New Delhi: The Mumbai-based NGO Citizens for Justice and Peace (CJP) has filed a public interest litigation (PIL) in the Supreme Court challenging the constitutional validity of the ‘love jihad’ laws passed by Uttar Pradesh and Uttarakhand.
Last month, the Uttar Pradesh government promulgated the Uttar Pradesh Prohibition of Unwlaful Conversion of Religion Ordinance, 2020 to tackle the Sangh parivar‘s concept of ‘love jihad’, a claim advanced without evidence that there is a conspiracy by Muslim men to convert Hindu women to Islam. As per the ordinance, a marriage will be declared null and void if a woman converts to another religion solely for marriage. Those wishing to change their religion after their wedding need to apply to the district magistrate a month in advance.
CJP’s PIL has been filed against this law and also the Uttarakhand Freedom of Religion Act, 2018, which ostensibly prohibits forceful conversion for the purposes of marriage.
The NGO, which is headed by journalist and activist Teesta Setalvad, in its petition has contended that the provisions of the impugned Act and ordinance empower the state “to suppress an individual’s personal liberty” and hence violate Article 21 of the Indian constitution. The petition also held that both the Act and the ordinance were premised on “conspiracy theories” and assumed that all conversions were being illegally forced upon individuals who may have attained the age of majority.
“It mandates that a series of complicated procedures to be followed before and after conversion, taking the State into confidence to “ensure” that the act was an informed and voluntary decision by the individual. These provisions in both the impugned Act and Ordinance place a burden on individuals to justify their personal decisions for State approval,” it further said.
It also submitted that the “right to convert” oneself to another religion is manifested in Article 25 of the constitution and the laws in question impinged upon this right by “imposing unreasonable and discriminatory restrictions” on the personal and intimate exercise of one’s right. The plea also said:
“That the Sanatan Hindu faith while not obviously proselytizing have, also from the period of Early India to Medieval India, by co-option absorbed those from Adivasi, Indigenous and Subaltern Faiths that were not until this co-option “Hindu.” Hence as a necessary corollary of the group right of a religion to propagate, an individual must have the right to convert to any religion other than his own.”
It also noted that while illegal conversions under the ordinance attracted a punishment of 1-5 years in prison, if the victim was a minor, a member of the Scheduled Castes or Scheduled Tribes or a woman, the punishment is doubled at 2-10 years behind bars. “That in cases of inter-faith marriages, it is reportedly usually women who convert to men’s religion and it is therefore the harsher punishment i.e. upto 10 years imprisonment which would be invoked in most cases. The provision views all women including economically weak, marginalised, privileged women to be susceptible to illegal conversions,” it said.
Furthermore, the petition said that while the burden of proof is usually on the prosecution to prove the guilt and the accused is treated as innocent until proven guilty, under the ordinance, the burden of proof as to whether a religious conversion took place through misrepresentation, force, or by any fraudulent means or by marriage, lies on the person who has caused the conversion.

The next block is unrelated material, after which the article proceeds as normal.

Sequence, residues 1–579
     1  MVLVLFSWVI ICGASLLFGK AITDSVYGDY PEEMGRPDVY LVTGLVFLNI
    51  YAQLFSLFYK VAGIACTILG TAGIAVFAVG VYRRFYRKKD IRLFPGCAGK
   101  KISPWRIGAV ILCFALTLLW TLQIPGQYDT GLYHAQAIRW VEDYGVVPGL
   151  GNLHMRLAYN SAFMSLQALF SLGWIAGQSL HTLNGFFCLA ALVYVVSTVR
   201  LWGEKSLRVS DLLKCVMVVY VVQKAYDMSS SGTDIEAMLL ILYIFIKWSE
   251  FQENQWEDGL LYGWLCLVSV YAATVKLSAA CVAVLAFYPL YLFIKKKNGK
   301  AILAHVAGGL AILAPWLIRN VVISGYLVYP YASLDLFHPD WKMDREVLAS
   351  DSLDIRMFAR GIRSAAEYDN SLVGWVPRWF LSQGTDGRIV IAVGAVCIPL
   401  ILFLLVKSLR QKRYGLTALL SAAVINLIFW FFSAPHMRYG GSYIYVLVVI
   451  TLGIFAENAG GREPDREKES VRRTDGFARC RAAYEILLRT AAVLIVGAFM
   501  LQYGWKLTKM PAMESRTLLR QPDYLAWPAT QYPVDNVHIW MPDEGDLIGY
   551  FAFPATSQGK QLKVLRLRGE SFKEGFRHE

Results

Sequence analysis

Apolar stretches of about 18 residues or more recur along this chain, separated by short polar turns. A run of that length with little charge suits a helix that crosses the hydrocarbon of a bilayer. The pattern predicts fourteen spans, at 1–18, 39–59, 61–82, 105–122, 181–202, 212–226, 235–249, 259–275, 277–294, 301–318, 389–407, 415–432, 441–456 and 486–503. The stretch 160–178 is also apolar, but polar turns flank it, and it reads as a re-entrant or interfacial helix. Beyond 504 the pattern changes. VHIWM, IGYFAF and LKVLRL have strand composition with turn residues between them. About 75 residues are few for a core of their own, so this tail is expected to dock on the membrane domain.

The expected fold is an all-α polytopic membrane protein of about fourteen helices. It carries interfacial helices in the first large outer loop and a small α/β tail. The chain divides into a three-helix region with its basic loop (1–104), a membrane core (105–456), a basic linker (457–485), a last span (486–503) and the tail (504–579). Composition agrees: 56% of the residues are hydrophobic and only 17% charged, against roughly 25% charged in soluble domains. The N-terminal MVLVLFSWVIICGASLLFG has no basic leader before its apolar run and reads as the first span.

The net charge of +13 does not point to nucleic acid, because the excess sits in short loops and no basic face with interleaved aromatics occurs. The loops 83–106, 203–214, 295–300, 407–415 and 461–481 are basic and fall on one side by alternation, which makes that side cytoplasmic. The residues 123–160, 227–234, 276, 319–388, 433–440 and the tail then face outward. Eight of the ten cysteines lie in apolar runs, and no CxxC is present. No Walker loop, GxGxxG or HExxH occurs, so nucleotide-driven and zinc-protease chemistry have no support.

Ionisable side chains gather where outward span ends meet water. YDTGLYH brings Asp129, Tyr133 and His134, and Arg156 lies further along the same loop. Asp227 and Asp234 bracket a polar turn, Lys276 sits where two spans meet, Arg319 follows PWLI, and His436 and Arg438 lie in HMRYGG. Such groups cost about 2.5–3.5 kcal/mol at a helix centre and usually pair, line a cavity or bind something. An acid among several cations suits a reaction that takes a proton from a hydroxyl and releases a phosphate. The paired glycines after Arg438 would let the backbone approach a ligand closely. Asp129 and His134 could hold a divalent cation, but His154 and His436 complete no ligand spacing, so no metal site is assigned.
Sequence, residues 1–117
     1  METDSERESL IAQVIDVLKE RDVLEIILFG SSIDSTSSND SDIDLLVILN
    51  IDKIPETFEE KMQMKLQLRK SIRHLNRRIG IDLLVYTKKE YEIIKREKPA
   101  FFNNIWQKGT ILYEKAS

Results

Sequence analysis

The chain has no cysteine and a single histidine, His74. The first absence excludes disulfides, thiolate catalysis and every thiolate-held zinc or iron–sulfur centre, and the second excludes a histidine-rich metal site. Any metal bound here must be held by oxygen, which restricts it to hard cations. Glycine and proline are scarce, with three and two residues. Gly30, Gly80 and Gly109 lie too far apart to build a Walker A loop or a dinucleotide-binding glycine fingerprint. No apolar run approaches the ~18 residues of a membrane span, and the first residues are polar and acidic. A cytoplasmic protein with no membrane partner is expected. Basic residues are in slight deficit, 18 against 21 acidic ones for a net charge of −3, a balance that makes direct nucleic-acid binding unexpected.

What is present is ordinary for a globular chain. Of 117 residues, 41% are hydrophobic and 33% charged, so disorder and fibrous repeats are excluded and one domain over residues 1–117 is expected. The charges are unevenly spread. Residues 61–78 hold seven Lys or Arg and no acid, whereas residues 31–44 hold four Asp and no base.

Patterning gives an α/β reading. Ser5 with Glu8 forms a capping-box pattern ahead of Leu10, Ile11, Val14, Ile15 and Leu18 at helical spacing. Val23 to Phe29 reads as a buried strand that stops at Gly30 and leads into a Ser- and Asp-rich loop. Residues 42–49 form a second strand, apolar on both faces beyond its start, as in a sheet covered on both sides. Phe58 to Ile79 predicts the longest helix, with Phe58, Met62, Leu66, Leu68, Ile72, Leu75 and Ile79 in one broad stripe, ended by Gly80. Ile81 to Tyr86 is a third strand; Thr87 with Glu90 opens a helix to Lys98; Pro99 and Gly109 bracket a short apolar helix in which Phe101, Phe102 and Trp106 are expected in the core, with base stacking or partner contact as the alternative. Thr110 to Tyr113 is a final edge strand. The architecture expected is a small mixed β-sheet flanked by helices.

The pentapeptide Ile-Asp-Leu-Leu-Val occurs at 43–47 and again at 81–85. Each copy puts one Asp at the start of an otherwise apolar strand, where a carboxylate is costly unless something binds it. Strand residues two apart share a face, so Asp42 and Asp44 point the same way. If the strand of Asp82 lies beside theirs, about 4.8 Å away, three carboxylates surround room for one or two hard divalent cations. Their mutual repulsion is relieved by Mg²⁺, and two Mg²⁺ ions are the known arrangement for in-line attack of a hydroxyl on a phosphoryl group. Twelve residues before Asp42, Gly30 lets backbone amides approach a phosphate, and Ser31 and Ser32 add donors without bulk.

“The burden of proof gets shifted and it is dangerous as it is a non bailable offence and also under a circumstance where they are pitched against hostile communities and family members who masquerade in the glory of protection of women,” the plea said and submitted that the impugned laws conferred upon the government the role of protecting religious identities and amounted to intolerance towards the religious choices of the people.
“This, in itself is an attack on the secular fabric that holds Indian democracy together,” it said.
Regarding the impact the impugned laws would have on a woman’s agency, the plea said, “The laws which are anti-conversion are essentially crimes against the autonomy of women, dictating terms on potential suitors from within the woman’s community, caging her constitutional freedoms.”
It cited the Allahabad high court judgement in Salamat Ansari & Ors v. State of Uttar Pradesh & Ors, where it was held that the right to live with a person of his or her choice irrespective of religion professed by them, is intrinsic to right to life and personal liberty.”To disregard the choice of a person who is of the age of majority would not only be antithetic to the freedom of choice of a grownup individual but would also be a threat to the concept of unity in diversity,” the plea said, quoting the judgement.
The laws also violated right to equality and right against discrimination since only residents of Uttar Pradesh and Uttarakhand would be subject to such inquiry and state intervention if and when they decide to convert from one faith to the other.
It also cited the landmark judgement in Bommai v. Union of India (1994), where the court held that citizens were free to profess, practice and propagate such religion, faith or belief as they choose.
A group of lawyers have already challenged the validity of these laws before the Supreme Court, seeking that the laws in question be declared null and void because “they disturb the basic structure of the Constitution”.
A writ petition has also been filed before the Allahabad high court challenging the Uttar Pradesh government’s ordinance.
CJP’s petition has been reproduced below.